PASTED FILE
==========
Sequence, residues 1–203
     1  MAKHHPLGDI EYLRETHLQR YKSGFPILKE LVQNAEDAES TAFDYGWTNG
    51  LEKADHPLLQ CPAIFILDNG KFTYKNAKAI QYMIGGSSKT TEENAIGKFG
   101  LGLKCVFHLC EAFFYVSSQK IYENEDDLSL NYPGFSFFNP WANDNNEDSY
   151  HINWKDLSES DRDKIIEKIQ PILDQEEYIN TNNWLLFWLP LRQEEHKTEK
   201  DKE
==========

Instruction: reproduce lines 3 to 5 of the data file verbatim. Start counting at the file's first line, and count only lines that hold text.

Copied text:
    51  LEKADHPLLQ CPAIFILDNG KFTYKNAKAI QYMIGGSSKT TEENAIGKFG
   101  LGLKCVFHLC EAFFYVSSQK IYENEDDLSL NYPGFSFFNP WANDNNEDSY
   151  HINWKDLSES DRDKIIEKIQ PILDQEEYIN TNNWLLFWLP LRQEEHKTEK